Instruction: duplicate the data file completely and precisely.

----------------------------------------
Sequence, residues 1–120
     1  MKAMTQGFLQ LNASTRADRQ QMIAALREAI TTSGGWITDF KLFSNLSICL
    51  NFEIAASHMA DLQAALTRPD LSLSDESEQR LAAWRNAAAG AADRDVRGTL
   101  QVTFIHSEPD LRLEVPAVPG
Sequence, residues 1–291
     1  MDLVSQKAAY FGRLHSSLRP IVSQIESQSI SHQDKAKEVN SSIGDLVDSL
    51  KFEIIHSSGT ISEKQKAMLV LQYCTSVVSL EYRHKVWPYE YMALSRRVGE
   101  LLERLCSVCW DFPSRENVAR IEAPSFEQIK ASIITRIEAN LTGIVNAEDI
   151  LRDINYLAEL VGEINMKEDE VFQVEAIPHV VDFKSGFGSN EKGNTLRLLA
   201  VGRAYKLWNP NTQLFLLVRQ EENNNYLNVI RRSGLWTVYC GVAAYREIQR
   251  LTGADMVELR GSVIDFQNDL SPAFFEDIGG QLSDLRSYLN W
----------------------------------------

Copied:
Sequence, residues 1–120
     1  MKAMTQGFLQ LNASTRADRQ QMIAALREAI TTSGGWITDF KLFSNLSICL
    51  NFEIAASHMA DLQAALTRPD LSLSDESEQR LAAWRNAAAG AADRDVRGTL
   101  QVTFIHSEPD LRLEVPAVPG
Sequence, residues 1–291
     1  MDLVSQKAAY FGRLHSSLRP IVSQIESQSI SHQDKAKEVN SSIGDLVDSL
    51  KFEIIHSSGT ISEKQKAMLV LQYCTSVVSL EYRHKVWPYE YMALSRRVGE
   101  LLERLCSVCW DFPSRENVAR IEAPSFEQIK ASIITRIEAN LTGIVNAEDI
   151  LRDINYLAEL VGEINMKEDE VFQVEAIPHV VDFKSGFGSN EKGNTLRLLA
   201  VGRAYKLWNP NTQLFLLVRQ EENNNYLNVI RRSGLWTVYC GVAAYREIQR
   251  LTGADMVELR GSVIDFQNDL SPAFFEDIGG QLSDLRSYLN W